Of all my insecurities, probably the one I feel the most reluctance to face is the question of salvation. In accordance with Christian faith, I became a Christian when I asked Jesus to forgive me of my sins (which were many, and are many) and to come and live in my heart. As a child, I remember the moment, and I remember the place, and I remember the tiny swelling in my heart as the Holy Spirit returned my welcome.
It was so magical, I still remember the experience and the wonder. Even at the age of six, I knew the mystic touch of God for what it was.
That is how I became “saved.” As I grew up, and did a lot of backsliding and falling short, and even self-righteous, because with my ego, it will always be a stumbling block on this side of heaven, I learned a lot about being a Christian and how to act like one and how to think like one, both on a faith level and on a cultural level (I do not agree with some of the cultural Christian issues, let me just say that. Please do not take me for your stereotypical Christian-parody; I deserve, on my own merit, just as you, to be judged on all my levels, not just my faith ones.)
I realized there is no exact Biblical equivalent of some of the Christian hierarchy and linguistics (Protestant is not a term in the Bible, for example.) When Jesus talks about being “saved,” I don’t know for sure if we have the same definition all the time. That’s why I love the Book of John.
In Chapter 3 of John, this is where Jesus is talking to Nicodemus. And Jesus tells him – just lines away from the famous John 3:16 quote – that “You must be born again.”
The key word for me here is “again.”
When I falter in my faith, and I wonder if I have been saved, or “born again,” I think of my own birth now.
Having children really does change you – some for the good, some for the bad, and sometimes you realize how terrible you were before. I have issues on all of these levels. But the reality of going through birth has helped me think of how weird it is.
I challenge people now to think of your own birth. Did it really happen? Sure, otherwise you wouldn’t be here (I assume.) Your mother did a lot of the work, and ideally, her body responded to yours when you decided to go head down – or she evicted you, which leaves us with a lot of options.
I think this is a beautiful and weird picture of how we are “born again.” Some people might not consider their lives subject to the reality of their birth if it weren’t for all the evidence to suggest it had happened.
Some people, using this as a metaphor, could say they popped out of a rosebush or walked out of the sea, or evolved from a monkey, rather than being born. But I suppose that is another argument, for another day.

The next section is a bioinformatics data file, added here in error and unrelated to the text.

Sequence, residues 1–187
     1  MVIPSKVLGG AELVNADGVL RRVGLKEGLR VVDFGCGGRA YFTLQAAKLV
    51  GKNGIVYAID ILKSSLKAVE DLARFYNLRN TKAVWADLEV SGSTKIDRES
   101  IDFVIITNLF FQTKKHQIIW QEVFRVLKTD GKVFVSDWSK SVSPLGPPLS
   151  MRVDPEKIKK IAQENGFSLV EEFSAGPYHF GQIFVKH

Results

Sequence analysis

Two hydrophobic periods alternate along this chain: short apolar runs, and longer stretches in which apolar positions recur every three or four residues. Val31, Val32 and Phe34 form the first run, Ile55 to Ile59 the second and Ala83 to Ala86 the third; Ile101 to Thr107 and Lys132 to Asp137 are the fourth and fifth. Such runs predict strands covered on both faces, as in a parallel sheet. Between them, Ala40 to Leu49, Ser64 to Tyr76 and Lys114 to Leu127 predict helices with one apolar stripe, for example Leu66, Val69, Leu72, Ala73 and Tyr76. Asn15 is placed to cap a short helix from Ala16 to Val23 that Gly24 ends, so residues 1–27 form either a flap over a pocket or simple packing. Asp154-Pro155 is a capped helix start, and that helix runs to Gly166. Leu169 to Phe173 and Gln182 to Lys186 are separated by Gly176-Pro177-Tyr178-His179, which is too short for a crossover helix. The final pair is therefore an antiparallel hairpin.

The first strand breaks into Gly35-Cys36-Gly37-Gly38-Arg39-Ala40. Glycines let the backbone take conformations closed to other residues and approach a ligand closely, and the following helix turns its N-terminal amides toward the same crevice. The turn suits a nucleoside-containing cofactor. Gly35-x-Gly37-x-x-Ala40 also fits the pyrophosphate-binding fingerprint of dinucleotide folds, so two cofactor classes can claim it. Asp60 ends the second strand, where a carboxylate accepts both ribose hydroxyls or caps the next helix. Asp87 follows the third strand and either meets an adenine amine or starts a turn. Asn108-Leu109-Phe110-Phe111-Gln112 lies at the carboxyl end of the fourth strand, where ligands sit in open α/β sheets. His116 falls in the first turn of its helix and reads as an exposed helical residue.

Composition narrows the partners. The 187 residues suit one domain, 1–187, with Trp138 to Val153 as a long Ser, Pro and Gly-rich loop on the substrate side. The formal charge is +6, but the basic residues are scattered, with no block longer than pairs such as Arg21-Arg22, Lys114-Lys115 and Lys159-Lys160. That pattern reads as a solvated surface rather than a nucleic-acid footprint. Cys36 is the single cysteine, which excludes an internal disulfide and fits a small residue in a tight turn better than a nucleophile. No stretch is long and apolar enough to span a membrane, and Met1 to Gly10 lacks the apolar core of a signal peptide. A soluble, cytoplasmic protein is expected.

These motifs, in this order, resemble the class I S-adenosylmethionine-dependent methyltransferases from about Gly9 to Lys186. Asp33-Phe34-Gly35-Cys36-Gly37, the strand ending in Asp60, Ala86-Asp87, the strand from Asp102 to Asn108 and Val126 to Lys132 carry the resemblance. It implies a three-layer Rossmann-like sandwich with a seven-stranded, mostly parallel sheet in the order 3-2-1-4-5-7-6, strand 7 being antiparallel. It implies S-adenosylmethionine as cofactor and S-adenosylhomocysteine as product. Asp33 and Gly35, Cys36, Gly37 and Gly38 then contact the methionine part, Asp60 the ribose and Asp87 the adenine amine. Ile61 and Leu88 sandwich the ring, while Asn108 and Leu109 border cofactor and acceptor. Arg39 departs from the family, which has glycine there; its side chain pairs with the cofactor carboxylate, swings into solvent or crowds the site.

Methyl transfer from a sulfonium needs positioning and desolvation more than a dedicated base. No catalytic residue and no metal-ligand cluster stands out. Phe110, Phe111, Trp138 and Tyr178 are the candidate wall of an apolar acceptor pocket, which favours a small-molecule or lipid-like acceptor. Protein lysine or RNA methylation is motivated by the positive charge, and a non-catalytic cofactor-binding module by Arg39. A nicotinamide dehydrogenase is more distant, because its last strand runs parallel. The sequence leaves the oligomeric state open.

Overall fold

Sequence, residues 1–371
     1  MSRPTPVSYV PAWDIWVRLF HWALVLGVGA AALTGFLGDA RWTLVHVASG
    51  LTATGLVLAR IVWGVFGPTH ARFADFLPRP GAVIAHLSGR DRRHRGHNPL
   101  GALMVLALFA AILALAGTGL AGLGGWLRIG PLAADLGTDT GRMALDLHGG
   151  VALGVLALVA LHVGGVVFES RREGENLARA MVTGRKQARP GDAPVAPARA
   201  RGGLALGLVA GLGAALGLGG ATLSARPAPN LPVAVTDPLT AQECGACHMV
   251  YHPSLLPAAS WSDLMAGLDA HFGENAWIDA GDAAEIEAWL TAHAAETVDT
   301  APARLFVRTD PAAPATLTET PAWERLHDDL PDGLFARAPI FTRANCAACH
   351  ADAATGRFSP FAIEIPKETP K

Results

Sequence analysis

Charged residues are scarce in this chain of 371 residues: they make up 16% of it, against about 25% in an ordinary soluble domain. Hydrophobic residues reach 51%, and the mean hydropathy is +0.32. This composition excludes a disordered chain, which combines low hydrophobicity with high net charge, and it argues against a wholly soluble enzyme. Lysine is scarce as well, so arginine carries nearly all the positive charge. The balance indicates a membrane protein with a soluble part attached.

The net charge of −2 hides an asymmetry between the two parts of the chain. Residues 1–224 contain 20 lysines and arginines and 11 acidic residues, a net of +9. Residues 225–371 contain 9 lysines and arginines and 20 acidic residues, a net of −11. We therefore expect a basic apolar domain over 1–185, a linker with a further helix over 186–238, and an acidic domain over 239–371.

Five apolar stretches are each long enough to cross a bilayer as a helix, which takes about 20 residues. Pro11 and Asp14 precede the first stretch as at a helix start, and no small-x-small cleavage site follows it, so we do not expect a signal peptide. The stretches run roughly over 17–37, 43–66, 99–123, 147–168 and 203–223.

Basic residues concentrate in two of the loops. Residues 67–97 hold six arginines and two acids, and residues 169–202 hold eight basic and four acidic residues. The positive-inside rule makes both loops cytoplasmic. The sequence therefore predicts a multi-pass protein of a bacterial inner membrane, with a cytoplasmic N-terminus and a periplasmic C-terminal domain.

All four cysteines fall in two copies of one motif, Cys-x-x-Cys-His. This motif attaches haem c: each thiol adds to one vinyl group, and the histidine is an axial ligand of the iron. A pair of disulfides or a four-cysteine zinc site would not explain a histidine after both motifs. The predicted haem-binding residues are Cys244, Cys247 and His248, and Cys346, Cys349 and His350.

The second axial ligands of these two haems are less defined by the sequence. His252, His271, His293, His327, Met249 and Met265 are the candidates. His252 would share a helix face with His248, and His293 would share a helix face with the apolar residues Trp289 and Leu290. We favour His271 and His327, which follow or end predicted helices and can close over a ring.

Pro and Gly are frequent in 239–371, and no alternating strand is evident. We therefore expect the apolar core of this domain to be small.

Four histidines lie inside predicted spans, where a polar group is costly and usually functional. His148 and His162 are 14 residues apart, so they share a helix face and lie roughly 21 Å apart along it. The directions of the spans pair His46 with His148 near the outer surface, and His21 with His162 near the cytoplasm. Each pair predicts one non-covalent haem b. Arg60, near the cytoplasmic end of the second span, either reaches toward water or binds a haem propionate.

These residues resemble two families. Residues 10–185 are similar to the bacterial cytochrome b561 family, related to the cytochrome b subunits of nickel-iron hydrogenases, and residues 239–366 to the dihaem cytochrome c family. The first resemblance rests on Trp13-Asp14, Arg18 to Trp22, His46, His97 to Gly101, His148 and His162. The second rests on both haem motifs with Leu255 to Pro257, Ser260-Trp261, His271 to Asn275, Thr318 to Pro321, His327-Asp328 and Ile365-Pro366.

When you are born, someone else provides the work behind it; you get to have some say in it, but overall, it’s largely up to the mother to get the job done. I think of Christ as a mother figure here, both allowing us to choose and sometimes choosing for us.
And when you consider everything – where you have been, what you have done, how you have reacted, and what you think about when you think of God – if you are “born again,” you will realize just how different a person you are than what you could have been.
This is where it’s great to get to know yourself, of course. If I had not accepted Jesus’ sacrifice for my sin, I would have definitely been a different person. While I periodically recognize my own remaining depravity, I definitely know I am not where I could be. With my pride, and my arrogance, and my selfishness, not to mention all my other little foibles I’ve collected and repelled along the way, I would be in a very different situation. I know this very certainly.
I revel in this revelation, because sometimes I do wonder if I am really saved; Christians who suffer from depression have a stigma attached to them, and “evangelicals,” which I am technically, at base level, in line with, have such a poor reputation, even among other Christians. But I know I was born, the first time, even if I don’t think about it everyday, and I love my mother deeply, even if I don’t always make her happy or proud.
And this is why I just love metaphors. Seeing Christ as my birth mother of sorts, and knowing how much I love my own mother, have really helped me to see thing in a new light and on a new level. I hope this has helped you some, too, whether it is to see Christianity in a new light or Jesus’ love.